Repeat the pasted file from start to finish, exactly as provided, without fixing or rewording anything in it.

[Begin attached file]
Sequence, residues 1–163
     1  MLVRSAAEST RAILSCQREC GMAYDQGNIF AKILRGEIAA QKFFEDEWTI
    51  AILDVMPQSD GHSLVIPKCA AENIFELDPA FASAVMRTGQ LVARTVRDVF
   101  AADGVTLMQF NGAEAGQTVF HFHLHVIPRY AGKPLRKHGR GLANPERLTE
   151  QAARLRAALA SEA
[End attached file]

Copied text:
Sequence, residues 1–163
     1  MLVRSAAEST RAILSCQREC GMAYDQGNIF AKILRGEIAA QKFFEDEWTI
    51  AILDVMPQSD GHSLVIPKCA AENIFELDPA FASAVMRTGQ LVARTVRDVF
   101  AADGVTLMQF NGAEAGQTVF HFHLHVIPRY AGKPLRKHGR GLANPERLTE
   151  QAARLRAALA SEA